In neighbouring Scandinavian countries, like Denmark and Sweden, St. Lucia’s Day is celebrated on December 13. This is viewed by many as the start of the holiday season and it is meant to bring hope and light during the darkest time of the year. Schools generally close around noon on the day of the festival so that families can prepare for the holiday. To mark the day,  the oldest daughter in each family dresses in a white gown and wears a crown made up of twigs and nine candles while boys dress in white pyjama-like costumes and sing traditional songs. 


Czechian traditions are very much linked to what the year ahead may have in store. For example, an old tradition says an unmarried girl should throw a shoe over her shoulder. If the shoe falls pointing towards a nearby door, marriage is on the cards for the coming year. Another Christmas tradition to predict your luck in the coming year is to cut an apple in half. If the core has four pointy corners, bad luck is coming to you, while five corners indicate health and happiness.


In the days leading up to Christmas it is not uncommon for Venezuelans to attend a daily church service called Misa de Aguinaldo (Early Morning Mass). However, in the capital, Caracas, and in larger cities, it is customary to travel to the church service on roller skates. ‘Las patinatas’ or ‘The Skating’, originated in the 1950’s as it allowed children to use their new toys, which were often roller skates or bicycles. Indeed, so widespread is the practice many roads in the capital are closed until 8am to provide Christmas worshipers with a safe passage.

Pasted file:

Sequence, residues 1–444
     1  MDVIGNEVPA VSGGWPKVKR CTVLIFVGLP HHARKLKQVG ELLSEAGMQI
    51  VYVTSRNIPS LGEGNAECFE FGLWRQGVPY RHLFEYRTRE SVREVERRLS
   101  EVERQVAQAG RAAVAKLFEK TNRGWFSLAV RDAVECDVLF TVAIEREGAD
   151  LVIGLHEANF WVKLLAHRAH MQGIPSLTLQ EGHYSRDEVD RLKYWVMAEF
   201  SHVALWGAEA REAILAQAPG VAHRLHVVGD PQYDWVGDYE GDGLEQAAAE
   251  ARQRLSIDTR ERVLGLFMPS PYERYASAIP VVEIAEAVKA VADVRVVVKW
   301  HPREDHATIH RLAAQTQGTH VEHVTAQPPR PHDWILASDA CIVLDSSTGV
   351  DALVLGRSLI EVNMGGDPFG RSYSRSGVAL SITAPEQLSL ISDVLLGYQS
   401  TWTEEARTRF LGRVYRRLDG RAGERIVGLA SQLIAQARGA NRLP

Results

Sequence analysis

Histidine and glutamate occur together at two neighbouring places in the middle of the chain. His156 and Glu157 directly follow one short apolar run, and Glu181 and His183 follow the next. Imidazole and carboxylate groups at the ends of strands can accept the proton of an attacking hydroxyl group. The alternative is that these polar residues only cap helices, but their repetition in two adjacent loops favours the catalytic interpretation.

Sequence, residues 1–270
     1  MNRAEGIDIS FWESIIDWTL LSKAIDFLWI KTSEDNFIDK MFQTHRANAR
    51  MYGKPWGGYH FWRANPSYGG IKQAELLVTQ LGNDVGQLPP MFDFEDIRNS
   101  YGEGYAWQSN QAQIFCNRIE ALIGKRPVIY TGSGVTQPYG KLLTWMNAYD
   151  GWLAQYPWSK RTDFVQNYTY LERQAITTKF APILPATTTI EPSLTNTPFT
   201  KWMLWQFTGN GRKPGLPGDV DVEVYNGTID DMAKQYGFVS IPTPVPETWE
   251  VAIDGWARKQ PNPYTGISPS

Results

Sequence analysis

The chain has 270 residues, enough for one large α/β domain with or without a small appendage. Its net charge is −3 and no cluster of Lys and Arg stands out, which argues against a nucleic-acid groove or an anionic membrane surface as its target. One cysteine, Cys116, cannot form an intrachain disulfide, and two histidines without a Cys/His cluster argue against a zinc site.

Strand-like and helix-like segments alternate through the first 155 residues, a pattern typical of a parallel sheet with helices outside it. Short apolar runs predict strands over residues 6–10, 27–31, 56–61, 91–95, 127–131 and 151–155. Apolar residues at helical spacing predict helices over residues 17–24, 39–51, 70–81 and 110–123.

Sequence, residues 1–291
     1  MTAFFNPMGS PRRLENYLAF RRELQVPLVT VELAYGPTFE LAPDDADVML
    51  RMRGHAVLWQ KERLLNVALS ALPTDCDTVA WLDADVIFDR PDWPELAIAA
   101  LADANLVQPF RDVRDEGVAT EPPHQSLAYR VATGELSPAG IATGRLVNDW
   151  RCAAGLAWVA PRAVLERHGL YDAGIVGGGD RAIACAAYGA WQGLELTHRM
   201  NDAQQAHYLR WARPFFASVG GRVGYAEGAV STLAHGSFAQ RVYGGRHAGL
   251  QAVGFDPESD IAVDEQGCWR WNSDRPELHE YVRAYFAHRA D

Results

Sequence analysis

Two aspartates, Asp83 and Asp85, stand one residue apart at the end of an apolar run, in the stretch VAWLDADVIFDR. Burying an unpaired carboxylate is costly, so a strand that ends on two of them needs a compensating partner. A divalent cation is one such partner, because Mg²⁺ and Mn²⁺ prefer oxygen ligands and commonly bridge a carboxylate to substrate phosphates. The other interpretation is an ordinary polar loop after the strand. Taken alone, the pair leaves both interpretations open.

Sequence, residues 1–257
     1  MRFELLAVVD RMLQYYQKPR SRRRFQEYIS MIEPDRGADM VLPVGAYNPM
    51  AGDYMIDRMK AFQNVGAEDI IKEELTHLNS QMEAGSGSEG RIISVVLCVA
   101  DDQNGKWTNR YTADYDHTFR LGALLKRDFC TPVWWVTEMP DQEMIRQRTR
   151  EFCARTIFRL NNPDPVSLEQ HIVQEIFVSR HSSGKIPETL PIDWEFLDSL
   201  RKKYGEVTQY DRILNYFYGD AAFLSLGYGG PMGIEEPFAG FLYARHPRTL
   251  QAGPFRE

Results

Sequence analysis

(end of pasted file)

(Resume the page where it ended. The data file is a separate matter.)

In Mexico, the Christmas season officially kicks off on December 16th with Las Posadas, which translates to ‘The Inns’. This tradition sees locals, often children, dress up as Mary and Joseph and together with their neighbours, they lead a procession that sees them travel from house to house over nine nights looking for a ‘place to stay’ in a reenactment of the Nativity. Musicians follow the procession, and hymns are sung as each night they are turned away until, on December 24th, they are finally invited in, symbolising the birth of Jesus. This is then followed by celebrations featuring feasts, fireworks, and piñatas filled with sweets for the children.


Guatemala sees the Christmas traditions kick off the week before Christmas as households embark on a deep clean of their house. With locals believing that the devil and other evil spirits live in the dark, dirty corners of your home, and cleanliness being next to godliness, all rubbish is cleared out, piled high and set alight with an effigy of the devil on top. The ceremony is called La Quema del Diablo or the ‘Burning of the Devil’. The idea for Guatemalans is to burn all the bad from the previous year and start a new year fresh from out of the ashes. 


Malta has rich and vibrant Christmas traditions shaped by its unique history and geographical location which sees Arabic, British and Southern European influences come together. A predominantly Catholic country, Midnight Mass is a key part of the Christmas festivities, with churches packed for what is as much a cultural celebration as a religious one. The Midnight Mass sermon is always delivered by a young boy or girl aged 7 to 10 and after mass, parish priests offer the community traditional Maltese date cakes (mqaret) and coffee while neighbours exchange greetings. Many villages see a procession through the streets after the service, led by local children singing traditional hymns, carrying lamps and a statue of the Baby Jesus.